Stella, that is a great description! And I did have to laugh at the food comment. Heck, you get the best food of all - the homemade stuff!

I wonder if I would ever want to do home nursing. I know I like the personal side of nursing the best.

Do you find that you have to improvise a lot?
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Old 06-29-2007, 03:55 PM
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In the UK I have experienced many highs and lows. As Stella said above the fact that you actually get uninterupted time with your patient is one of the best things. You get to provide nursing care in the way you always wanted and for example when someone has chosen to die at home you can help that person to die with dignity with their family around you. You get to work with other nurses, doctors and a host of other professionals and you get to know each other in a different way than I experienced in hospital.

The downsides are that you can be in a situation when you have to decide what to do and there is no one else to ask at that moment. Do you trust your instincts? Do you go with what you have learned? Do you go out to your car and ring someone? Do you go back to the doctor and ask advice? But that kind of decision making ability comes with practise and experience. There are times too, when you don't have the right equipment. A patient has deteriorated and you find yourself leaning across a double bed doing things that are definitely not in your health and safety manual.

Food and presents at Christmas are definitely positives though. i could go on and probably will some other time....
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  #6  
Old 06-30-2007, 02:07 AM
Alittlenurse
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Default Home Health

Hi Ladies!

I'm a nursing student and this last spring semester I got to experience some Home Health and Hospice nursing. Being assigned a patient and going to their home was a big change from the hospital. One of the things I liked the best was teaching. We were teaching something to the patient or the patient's family each time we visited AND we had time to do it! But yes, I agree with the others that there is a degree of improvisiation, and not sticking to "the book". If your patient becomes unstable, you might have to think on your feet, and get your critical thinking and decision making skills jumpstarted. But as a person who is naturally laid back, I really enjoyed HH.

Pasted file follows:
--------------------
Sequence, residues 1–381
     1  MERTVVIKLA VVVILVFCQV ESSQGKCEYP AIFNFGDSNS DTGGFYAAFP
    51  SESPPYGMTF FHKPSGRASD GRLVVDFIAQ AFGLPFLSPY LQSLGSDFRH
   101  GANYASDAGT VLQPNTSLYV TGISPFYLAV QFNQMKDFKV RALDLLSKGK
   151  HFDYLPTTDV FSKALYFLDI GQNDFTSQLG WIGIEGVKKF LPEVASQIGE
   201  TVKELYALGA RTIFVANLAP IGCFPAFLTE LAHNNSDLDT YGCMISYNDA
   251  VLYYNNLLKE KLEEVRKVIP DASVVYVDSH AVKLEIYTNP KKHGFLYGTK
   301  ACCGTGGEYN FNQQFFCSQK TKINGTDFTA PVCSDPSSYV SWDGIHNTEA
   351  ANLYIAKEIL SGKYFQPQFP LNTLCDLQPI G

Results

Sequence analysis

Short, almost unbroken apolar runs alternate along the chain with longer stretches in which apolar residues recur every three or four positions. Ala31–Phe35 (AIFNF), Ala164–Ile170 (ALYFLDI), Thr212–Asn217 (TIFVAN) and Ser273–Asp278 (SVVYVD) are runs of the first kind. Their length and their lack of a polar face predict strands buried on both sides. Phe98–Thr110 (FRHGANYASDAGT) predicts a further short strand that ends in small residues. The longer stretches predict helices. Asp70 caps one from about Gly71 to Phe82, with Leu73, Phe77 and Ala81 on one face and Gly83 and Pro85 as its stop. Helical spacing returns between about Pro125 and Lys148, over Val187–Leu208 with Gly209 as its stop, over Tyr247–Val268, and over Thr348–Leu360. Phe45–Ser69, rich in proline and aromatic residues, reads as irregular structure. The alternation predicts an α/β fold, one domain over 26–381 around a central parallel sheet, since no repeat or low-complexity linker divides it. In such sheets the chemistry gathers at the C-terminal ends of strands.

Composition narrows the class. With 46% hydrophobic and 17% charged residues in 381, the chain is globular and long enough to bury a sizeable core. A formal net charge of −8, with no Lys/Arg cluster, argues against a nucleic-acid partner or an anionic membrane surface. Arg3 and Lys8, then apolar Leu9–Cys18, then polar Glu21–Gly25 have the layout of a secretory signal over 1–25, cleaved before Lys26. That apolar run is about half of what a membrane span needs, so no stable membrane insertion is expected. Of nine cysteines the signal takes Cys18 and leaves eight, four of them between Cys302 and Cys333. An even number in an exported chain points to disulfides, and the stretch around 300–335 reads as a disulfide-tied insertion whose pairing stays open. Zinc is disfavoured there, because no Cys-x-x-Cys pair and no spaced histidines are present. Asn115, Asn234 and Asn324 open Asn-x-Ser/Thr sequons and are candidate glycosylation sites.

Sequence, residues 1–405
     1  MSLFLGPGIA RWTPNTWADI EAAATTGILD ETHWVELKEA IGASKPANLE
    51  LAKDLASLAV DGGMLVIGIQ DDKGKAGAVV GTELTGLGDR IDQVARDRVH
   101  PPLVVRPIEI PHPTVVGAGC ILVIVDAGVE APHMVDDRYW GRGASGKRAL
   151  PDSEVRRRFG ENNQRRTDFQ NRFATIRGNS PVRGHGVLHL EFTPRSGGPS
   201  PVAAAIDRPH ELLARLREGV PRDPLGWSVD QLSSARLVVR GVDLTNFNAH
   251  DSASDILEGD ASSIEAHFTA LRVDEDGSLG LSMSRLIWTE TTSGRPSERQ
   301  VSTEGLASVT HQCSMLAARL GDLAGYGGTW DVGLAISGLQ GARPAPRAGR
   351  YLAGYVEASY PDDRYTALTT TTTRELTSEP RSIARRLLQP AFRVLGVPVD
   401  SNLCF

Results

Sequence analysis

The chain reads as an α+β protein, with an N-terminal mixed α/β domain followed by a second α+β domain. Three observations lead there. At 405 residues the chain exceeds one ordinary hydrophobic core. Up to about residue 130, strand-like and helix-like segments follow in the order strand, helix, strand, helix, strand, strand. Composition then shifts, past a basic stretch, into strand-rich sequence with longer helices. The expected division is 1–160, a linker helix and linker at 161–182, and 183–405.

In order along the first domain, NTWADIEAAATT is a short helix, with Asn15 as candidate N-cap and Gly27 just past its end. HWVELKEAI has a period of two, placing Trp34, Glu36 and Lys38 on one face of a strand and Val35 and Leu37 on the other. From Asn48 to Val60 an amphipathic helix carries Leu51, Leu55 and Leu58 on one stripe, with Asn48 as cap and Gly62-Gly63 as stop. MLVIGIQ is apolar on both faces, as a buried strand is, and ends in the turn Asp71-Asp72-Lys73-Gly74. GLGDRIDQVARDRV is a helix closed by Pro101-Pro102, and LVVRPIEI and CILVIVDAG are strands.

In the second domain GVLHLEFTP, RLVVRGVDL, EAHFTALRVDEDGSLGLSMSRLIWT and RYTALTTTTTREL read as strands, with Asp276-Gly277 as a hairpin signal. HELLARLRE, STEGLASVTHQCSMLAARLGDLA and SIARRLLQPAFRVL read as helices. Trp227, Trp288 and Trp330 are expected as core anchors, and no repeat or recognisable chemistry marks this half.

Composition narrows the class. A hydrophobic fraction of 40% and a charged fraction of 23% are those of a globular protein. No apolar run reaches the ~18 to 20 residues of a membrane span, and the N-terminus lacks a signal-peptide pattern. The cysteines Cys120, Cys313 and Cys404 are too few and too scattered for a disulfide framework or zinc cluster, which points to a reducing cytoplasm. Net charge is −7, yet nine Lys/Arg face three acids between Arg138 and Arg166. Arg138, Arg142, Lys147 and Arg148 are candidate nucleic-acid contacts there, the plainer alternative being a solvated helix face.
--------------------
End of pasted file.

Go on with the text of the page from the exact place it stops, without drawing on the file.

I hope this helped!

A.
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Old 06-30-2007, 07:35 AM
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Hello alittlenurse

Thank you for the info. I've been thinking about doing home health as a semi-retirement job. I appreciate your input about the job.

MJ
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Old 07-04-2007, 05:26 PM
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I never had the chance to experience home health in school! But...I do have to do some clinicals for my BSN in public health so maybe I can hook up with a home health nurse!
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  #9  
Old 08-22-2007, 07:56 PM
MyOwnWoman
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I'm not sure I'd know how to function outside of the "temple" (hospital), but I sure am glad that there are those of you that can.
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Old 08-23-2007, 04:44 AM
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Working outside of hospital is different, but I am sure any nurse who has a reasonable amount of experience, common sense and the ability to think independantly would be fine. In fact I think that all nurses should at some time work outside of the safety of the hospital and actually see people in their own home environment. It is an extremely good leveller.